In Australia, March quarter construction data (Wednesday) and capex data (Thursday) are likely to show continued softness in business investment led by mining. Capex intentions for 2016-17 will hopefully show signs of improvement in non-mining investment though, consistent with reasonable business conditions of late. A speech by RBA Governor Steven’s (Tuesday) will also be watched for any clues regarding the interest rate outlook.
Outlook for markets
Expect short-term share market volatility to remain high. Fed worries are coming back into focus and this could mean more uncertainty around the US dollar, renminbi and commodity prices and the old saying “sell in May and go away, come back on St Leger’s Day” always adds to nervousness around this time of year. However, beyond near term volatility, we still see shares trending higher this year helped by a combination of relatively attractive valuations, further global monetary easing and continuing moderate global economic growth.
Very low bond yields point to a soft medium term return potential from them, but it’s hard to get bearish in a world of fragile growth, spare capacity and low inflation.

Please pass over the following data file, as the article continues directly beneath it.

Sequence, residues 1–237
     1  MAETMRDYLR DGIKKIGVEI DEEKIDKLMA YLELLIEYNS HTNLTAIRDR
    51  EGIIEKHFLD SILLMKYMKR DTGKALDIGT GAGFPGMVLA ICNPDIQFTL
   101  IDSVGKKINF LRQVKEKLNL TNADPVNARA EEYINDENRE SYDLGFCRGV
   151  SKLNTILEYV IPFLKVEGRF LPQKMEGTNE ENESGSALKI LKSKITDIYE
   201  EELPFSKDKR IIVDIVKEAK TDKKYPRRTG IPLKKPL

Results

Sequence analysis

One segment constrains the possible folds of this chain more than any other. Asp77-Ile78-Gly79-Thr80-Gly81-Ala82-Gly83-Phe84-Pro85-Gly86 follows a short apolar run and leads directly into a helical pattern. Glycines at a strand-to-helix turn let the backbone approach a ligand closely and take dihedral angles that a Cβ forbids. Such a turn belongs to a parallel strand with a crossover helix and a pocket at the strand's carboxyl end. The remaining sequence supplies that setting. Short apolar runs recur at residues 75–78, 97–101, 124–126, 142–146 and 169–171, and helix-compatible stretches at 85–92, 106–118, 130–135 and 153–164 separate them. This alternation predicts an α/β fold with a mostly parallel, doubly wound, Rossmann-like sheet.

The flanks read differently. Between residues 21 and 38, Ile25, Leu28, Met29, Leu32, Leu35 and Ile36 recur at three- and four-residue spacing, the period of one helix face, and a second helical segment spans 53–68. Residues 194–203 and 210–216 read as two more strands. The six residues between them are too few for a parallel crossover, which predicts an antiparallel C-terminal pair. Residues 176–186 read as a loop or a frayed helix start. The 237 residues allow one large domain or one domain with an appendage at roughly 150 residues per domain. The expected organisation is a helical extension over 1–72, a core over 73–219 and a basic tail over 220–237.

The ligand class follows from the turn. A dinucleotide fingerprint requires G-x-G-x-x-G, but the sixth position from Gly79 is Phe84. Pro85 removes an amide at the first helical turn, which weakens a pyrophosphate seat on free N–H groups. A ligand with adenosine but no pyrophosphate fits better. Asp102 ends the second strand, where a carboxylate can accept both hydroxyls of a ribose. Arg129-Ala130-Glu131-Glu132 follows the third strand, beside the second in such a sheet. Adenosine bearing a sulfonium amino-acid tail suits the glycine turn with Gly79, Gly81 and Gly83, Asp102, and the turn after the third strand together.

Commercial property and infrastructure are likely to continue benefitting from the ongoing search for yield by investors.
Capital city residential property price gains are expected to slow to around 3% this year, as the heat comes out of Sydney and Melbourne. Prices are likely to continue to fall in Perth and Darwin, but price growth is likely to pick up in Brisbane.
Cash and bank deposits are likely to provide poor returns – and are getting even poorer!
After its recent fall from $US0.78 the Australian dollar is technically oversold and due for a bounce. However, any bounce is likely to be limited and the longer term downtrend looks to be resuming: the interest rate differential in favour of Australia narrows as the RBA continues cutting the cash rate and the Fed eventually resumes hiking, commodity prices remain in a secular downswing and the Australian dollar undertakes its usual undershoot of fair value.